Evening falls in the Great Glasshouse

Evening falls in the Great Glasshouse

Strange, hollow sounds were emitting from a far corner of the ‘globe’.  Was something wrong with the climate control, I mused, as I strolled out of Chile & across into Australia.  To my surprise in a shaded alcove sat an Aborigne playing a digeridoo, eyes closed, lost in a faraway world of his own. 

He was there again the next evening; the echoes reverberating rhythmically, atmospherically, around the insect’s-eye canopy of the dome.  A strangely small world…..


*Plaid Cymru – the leading Welsh political party.

About LittleFfarm Dairy

The LittleFfarm Dairy Team: Jo - Goat farmer & Gelatiere Artigianale, plus General Dogsbody; Tony - Airline Pilot & part-time Herd Manager, Product Taster, Accounts Secretary, Handyman etc!
This entry was posted in April 2009, Culture, Diary, Festivals, Food, Life, Local Area, Locality, Markets, Nature, Wales. Bookmark the permalink.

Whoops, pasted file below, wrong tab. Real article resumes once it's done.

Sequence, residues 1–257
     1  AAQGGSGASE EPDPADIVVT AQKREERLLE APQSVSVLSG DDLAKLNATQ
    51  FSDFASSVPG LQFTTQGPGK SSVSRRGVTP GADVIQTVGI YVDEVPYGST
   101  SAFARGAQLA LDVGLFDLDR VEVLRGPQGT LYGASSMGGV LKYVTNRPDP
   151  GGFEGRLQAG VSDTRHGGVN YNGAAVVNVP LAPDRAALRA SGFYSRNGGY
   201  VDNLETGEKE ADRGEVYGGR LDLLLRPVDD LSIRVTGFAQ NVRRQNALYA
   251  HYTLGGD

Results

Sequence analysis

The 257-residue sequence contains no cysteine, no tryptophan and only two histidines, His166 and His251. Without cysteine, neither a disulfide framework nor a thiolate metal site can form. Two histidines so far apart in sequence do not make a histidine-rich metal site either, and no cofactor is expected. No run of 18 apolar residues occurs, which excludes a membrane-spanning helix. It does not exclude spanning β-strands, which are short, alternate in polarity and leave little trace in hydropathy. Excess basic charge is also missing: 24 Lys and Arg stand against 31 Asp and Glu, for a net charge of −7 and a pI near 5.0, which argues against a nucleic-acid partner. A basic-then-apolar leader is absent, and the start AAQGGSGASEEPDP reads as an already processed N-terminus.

5 Responses to Hot Stuff

  1. What a lovely sounding event! Again, reading about your life sometimes makes me long to live a wee bit closer to civilization so as to attend/participate in things such as this.

    Nice that Tony made it for the photo op!

  2. M E Jackson says:

    Hello, I hope all is well with you over there. I have been checking your letters and note nothing recent. Best wishes.

    • LittleFfarm Dairy says:

      “Hiya HDR –

      Guess what…reading about YOUR life sometimes make me long to live a wee bit further away from civilization in order to be able to just – well; take a step back from it all, & breathe, & enjoy it, for once; rather than rushing around all the time in too much of a whirl to appreciate how lucky we are….however hard it gets.

      Yup, nice that Tony made it for the photo op – but he more than made up for his earlier tardiness, as you’ll discover from the next *ahem* thrilling installment….!

      Hello there, M E Jackson (crikey that’s formal!)